Catify with plenty of Toys. Provide mental stimulation and enrichment through interactive toys, games and scratchers which help your kitten to learn and demonstrate normal behaviour. Remember to always handle kittens gently and supervise children when they are playing with them. If you are introducing your new kitten to other cats in the household, have a read of our Introducing Two Cats Guide, to help reduce any conflict and stress between the soon-to-be playmates.

Top 'Catify'ing Products

Shop All Cat Toys Here

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Toilet Training

Kittens naturally value cleanliness and instinctively bury their mess, so toilet training is usually fairly easy. Place a litter tray within your kitten's safe haven so it's always in easy reach.

How many litter trays should you have? As a general guide, have 1 litter tray per cat plus 1 extra. For example:

  • In a 1 cat household - 1 + 1 = 2 litter trays
  • In a 2 cat household - 2 + 1 = 3 litter trays

Gently place your kitten in the litter tray at opportune times; such as when they first wake up from a nap, after eating and after playtime. It is normal for your kitty to have accidents outside the litter tray while they are learning. Be sure to clean up any mishaps with an enzymatic cleaner, to discourage them from toileting in the same location again. Once they have used the litter tray, it's a good idea to clean the tray promptly as kittens are much more likely to use it if it's clean.

Top Litter Products for Kittens

Scrunch and Sticks Tofu Pellet Clumping Litter

This plant based litter is 100% biodegradable and can be flushed down the toilet or used in the garden as a beneficial compost and garden mulch.

Shop Breeders Choice Cat Litter

Made from recycled paper, this cat litter is light, cost effective and highly absorbent.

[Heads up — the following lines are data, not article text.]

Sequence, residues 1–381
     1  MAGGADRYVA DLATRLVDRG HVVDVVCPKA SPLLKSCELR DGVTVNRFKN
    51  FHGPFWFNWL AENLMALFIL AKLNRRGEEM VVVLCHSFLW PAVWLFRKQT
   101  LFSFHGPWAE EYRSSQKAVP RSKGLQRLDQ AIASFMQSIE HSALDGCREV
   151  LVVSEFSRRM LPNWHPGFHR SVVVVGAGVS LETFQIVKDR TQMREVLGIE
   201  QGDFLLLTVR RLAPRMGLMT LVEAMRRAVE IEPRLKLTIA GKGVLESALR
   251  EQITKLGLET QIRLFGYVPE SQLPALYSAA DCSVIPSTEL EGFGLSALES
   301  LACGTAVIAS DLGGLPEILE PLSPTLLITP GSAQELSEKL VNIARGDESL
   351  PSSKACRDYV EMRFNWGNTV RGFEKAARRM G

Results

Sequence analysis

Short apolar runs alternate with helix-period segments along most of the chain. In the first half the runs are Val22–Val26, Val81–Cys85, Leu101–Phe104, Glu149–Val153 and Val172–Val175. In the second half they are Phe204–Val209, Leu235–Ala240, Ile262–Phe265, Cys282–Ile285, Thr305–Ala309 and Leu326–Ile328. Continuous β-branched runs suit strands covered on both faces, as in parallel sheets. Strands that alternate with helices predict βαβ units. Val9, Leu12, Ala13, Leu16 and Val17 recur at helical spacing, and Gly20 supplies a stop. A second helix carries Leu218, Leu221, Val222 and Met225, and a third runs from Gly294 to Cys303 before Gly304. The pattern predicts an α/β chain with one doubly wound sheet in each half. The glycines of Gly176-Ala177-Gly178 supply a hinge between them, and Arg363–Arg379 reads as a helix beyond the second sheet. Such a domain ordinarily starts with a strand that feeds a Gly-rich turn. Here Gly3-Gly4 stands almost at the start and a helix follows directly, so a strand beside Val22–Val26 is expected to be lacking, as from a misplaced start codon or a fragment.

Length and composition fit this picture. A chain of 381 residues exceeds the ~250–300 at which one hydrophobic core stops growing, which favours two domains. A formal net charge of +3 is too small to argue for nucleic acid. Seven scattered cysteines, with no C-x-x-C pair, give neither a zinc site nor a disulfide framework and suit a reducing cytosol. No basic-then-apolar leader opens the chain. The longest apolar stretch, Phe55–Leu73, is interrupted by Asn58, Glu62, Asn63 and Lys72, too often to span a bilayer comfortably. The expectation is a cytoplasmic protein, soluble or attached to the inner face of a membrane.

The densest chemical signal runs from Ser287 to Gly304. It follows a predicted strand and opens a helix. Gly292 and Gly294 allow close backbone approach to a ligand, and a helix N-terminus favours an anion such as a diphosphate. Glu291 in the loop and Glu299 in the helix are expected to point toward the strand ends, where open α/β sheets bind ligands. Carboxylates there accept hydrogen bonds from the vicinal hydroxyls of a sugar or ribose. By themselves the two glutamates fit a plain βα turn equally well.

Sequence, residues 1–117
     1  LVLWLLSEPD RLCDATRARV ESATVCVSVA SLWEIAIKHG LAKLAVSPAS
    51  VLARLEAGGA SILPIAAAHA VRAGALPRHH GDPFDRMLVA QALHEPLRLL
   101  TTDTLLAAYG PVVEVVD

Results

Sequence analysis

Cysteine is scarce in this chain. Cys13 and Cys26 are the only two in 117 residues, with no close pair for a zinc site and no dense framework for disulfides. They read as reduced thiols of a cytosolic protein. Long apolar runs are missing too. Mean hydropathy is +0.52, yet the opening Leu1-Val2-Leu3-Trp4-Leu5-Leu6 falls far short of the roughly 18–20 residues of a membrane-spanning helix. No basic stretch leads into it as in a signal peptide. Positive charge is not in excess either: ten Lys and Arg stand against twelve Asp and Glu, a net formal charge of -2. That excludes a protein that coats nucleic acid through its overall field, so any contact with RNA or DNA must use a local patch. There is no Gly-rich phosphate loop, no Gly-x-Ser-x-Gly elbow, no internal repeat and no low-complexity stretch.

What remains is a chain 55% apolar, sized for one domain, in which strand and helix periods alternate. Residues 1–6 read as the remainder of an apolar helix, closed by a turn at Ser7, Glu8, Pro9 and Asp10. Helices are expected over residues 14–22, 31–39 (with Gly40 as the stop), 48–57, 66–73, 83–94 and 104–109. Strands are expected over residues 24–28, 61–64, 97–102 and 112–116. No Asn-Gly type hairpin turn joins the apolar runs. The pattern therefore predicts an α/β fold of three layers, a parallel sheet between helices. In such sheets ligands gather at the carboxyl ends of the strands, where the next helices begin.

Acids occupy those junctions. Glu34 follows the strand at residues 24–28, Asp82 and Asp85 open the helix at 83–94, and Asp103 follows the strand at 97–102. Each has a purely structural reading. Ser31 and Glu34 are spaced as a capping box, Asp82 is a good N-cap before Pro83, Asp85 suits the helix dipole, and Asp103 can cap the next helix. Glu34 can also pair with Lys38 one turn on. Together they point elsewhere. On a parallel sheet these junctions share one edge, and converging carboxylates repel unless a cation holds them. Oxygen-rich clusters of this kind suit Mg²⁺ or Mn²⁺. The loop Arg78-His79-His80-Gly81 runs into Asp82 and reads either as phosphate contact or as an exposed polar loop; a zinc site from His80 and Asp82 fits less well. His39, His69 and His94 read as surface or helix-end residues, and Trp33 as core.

Scoop Free Self-Cleaning Litter Tray

The Scoop Free Litter Tray detects when it has been used and cleans itself up automatically.

Corner Litter House Tray

This handy covered litter tray will keep your kitty's smells in, and fits neatly into a corner to maximise space.

Shop All Cat Litter Here

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Kitten Food

Feeding your kitten a high quality, complete and balanced diet is the best way to ensure they have the best start in life. Premium diets offer a range of benefits over cheaper, supermarket brands such as high digestibility and high quality ingredients which promote optimal growth and development. In the market today, there are great quality premium diets under both the 'science' and 'natural' categories.

'Science' based premium diets that we recommend include Advance, Hill's Science Diet and Royal Canin.

'Natural' premium diets that we recommend include Open Farm, Ivory Coat, Black Hawk, and Feline Natural.

We generally recommend feeding a gentle rotation diet, alternating between premium balanced kitten diets. A rotation diet generally just involves keeping a few different premium diets on hand - preferably different brands and different meat proteins - and alternating between them every few meals. Care needs to be taken in cats with a sensitive stomach, but most get used to it with time. Rotation diets allow exposure to different proteins, which can be beneficial for your cat's immune system long term. It also provides some variety, which helps keeep your cat interested in the food.